Australia owes an explanation to the Afghan people and the world. Advise Australia to face the problem squarely, not to divert attention and shirk responsibility
The Australian military recently released an investigation report, which confirmed that some Australian soldiers on duty in Afghanistan were suspected of war crimes and caused many incidents of killing innocent civilians and prisoners.
In the past few days, all walks of life in Australia and the international community have strongly condemned the suspected war crimes of Australian soldiers. However, when the spokesperson of the Chinese Ministry of Foreign Affairs posted pictures of Australian soldiers killing Afghan children on social media on November 30, some Australian politicians went so far as to launch unreasonable accusations against China.
Some Australian soldiers have committed serious crimes in Afghanistan. The facts are very clear, and Australia simply cannot afford it. According to a report issued by the Office of the Inspector General of the Australian Defence Forces on November 19, according to a four-year investigation on whether Australian soldiers who performed missions in Afghanistan from 2005 to 2016 were suspected of war crimes, 25 active and former special forces soldiers were found During his stay in Afghanistan, he was involved in 23 illegal killings and covered up these crimes.
In these incidents, a total of 39 innocent civilians and prisoners were killed and two others were tortured. The details disclosed in the report were shocking and horrifying, including gathering adult men and boys to shoot them or cutting their throats blindfolded, and requiring recruits to shoot prisoners of war to “train their hands.” Such acts of cruelty to innocent civilians and captives in Afghanistan seriously violate international conventions and human conscience.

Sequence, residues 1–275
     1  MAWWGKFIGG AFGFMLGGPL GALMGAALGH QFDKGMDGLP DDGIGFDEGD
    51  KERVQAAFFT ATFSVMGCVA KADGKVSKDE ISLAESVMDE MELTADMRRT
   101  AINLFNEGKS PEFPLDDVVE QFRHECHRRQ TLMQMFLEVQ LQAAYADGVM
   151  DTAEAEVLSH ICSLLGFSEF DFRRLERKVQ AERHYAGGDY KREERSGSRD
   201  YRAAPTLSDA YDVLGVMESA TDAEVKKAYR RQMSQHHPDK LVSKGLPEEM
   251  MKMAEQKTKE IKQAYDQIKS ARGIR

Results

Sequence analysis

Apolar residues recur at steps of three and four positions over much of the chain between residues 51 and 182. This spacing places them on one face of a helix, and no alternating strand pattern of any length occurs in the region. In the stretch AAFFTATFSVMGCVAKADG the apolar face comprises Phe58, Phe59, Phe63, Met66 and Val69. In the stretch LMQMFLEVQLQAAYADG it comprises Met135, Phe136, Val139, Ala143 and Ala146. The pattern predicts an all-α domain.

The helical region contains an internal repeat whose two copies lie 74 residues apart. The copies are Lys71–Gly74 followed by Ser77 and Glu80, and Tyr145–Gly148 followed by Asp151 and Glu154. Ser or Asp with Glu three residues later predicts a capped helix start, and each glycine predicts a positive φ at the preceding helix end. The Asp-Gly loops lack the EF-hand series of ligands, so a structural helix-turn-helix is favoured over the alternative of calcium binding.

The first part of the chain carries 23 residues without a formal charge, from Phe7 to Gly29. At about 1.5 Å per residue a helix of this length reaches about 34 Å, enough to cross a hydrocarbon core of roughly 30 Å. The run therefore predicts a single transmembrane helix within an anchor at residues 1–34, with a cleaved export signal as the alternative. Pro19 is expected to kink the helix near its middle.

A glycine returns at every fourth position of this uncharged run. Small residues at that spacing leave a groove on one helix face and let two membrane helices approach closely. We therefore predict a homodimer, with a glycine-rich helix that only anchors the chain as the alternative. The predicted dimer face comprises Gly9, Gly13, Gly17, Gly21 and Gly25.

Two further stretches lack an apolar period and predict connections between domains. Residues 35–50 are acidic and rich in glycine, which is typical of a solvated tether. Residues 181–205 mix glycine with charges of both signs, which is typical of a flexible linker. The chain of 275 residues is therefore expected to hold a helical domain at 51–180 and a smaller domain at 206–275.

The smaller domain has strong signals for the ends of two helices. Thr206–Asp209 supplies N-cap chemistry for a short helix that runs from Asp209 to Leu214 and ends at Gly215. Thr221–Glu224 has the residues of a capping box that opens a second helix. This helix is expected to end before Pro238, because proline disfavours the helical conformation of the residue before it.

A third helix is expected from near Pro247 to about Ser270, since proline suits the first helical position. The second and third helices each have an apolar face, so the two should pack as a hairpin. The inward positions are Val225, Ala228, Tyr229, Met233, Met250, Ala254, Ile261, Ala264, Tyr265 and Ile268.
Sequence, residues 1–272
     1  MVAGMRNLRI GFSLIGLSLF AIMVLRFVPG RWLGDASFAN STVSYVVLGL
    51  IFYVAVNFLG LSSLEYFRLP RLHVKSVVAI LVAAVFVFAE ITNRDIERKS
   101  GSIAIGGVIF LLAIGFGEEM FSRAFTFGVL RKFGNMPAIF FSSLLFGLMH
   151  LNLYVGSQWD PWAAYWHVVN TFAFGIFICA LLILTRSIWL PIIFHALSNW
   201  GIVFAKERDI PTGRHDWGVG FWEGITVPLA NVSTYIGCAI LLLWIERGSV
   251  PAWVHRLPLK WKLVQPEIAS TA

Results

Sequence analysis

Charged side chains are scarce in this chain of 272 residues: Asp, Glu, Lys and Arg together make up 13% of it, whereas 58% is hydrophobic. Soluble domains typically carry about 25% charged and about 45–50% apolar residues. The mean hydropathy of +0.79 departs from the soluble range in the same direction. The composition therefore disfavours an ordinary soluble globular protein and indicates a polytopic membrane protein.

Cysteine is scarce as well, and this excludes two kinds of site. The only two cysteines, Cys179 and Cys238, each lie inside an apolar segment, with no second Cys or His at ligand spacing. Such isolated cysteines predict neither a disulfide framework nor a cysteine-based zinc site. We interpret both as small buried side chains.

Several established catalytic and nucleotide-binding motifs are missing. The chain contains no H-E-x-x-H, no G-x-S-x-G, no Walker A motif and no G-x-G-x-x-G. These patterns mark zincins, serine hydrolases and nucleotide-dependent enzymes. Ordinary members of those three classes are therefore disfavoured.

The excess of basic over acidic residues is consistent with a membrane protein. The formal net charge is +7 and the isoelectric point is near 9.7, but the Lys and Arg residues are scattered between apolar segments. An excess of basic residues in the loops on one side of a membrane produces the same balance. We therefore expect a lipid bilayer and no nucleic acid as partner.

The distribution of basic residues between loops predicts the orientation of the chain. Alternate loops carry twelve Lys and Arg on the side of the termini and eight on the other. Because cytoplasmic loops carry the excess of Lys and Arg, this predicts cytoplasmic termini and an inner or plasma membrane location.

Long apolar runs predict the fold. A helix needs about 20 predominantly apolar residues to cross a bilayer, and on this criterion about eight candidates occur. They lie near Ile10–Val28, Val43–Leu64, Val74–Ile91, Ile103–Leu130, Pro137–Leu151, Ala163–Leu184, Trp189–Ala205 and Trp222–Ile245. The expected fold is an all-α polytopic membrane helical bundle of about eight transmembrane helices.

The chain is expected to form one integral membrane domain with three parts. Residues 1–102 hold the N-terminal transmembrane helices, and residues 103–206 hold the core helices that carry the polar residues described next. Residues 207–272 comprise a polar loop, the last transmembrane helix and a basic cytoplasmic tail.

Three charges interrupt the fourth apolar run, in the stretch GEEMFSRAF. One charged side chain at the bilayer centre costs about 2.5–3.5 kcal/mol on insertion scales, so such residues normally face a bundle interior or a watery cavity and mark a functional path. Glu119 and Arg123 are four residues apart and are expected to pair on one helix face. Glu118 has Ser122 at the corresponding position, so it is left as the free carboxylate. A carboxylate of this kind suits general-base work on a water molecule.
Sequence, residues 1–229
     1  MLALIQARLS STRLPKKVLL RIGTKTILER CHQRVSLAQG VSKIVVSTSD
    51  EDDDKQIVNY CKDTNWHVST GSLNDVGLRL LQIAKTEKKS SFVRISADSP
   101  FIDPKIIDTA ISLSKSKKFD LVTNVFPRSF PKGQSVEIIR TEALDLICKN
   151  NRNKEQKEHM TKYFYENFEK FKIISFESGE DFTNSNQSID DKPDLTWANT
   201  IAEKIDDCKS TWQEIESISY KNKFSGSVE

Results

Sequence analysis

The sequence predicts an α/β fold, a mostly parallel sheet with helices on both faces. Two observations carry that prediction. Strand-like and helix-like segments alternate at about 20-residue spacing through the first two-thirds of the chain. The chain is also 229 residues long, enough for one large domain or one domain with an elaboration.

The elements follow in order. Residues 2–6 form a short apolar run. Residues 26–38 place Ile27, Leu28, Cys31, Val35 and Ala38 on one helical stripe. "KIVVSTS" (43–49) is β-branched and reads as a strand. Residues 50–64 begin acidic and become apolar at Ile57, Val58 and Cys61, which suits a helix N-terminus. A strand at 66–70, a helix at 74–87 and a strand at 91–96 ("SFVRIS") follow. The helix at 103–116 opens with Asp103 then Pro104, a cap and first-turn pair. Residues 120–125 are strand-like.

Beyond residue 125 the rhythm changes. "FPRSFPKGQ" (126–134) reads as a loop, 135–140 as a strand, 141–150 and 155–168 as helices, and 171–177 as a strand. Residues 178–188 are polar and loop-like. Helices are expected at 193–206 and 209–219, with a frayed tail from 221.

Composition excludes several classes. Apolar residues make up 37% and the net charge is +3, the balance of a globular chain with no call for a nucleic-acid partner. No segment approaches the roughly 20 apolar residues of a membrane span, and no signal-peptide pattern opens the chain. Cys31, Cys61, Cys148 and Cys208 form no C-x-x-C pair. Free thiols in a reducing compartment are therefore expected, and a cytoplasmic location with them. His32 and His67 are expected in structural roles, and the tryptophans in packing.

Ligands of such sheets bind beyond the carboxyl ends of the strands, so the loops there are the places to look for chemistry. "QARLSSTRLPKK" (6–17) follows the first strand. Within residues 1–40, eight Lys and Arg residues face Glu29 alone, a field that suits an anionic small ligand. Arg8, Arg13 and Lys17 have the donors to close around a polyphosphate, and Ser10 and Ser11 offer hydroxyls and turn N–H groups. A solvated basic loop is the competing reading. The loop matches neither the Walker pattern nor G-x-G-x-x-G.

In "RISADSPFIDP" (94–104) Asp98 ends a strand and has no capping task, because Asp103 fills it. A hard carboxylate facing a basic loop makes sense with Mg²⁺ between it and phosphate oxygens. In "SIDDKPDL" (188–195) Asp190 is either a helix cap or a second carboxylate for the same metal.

All walks of life in Australia and the international community have expressed their indignation against the brutal acts of some Australian soldiers, and voices of strong condemnation abound. Former Australian Prime Minister Rudd recently issued a statement emphasizing that any soldier who committed war crimes in Afghanistan and anyone who tried to cover up these crimes must be brought to justice and the families of the victims must be compensated. The “Australian” front-page article pointed out that this is “a shameful page in Australian military history.” Russian Foreign Ministry spokesperson Zakharova said that “the content of the report is shocking.” The crimes committed by Australian soldiers in Afghanistan have weakened Australia’s international status.
In response to Australia’s unprovoked accusation of China’s actions in order to transfer the contradictions, netizens expressed support for China’s just position and clearly pointed out: The post of the spokesperson of the Chinese Ministry of Foreign Affairs is “based on the Australian report and some Australian soldiers in Afghanistan against the country. An accurate description of war crimes committed by civilians.”
What the Australian government should do now is to reflect deeply and bring the perpetrators to justice, make a formal apology to the Afghan people, and solemnly promise to the international community that they will never commit this terrible crime again. However, some politicians in Australia were furious and frustrated, exposing their hypocritical nature.
Is it true that some Australian soldiers are not guilty of killing innocent civilians and prisoners in Afghanistan, but it is wrong to condemn such crimes? Some Australian politicians have always regarded themselves as so-called “human rights defenders,” but in reality they have adopted double standards. They should reflect on themselves and think more about how to take measures to solve their own serious violations of human rights and human justice, stop using human rights issues to interfere in other countries’ internal affairs, and stop engaging in political manipulation.
The lives of the Afghan people deserve to be respected. Australia owes an explanation to the Afghan people and the world. We advise Australia to face the problem squarely, not to divert its attention and shirk its responsibilities.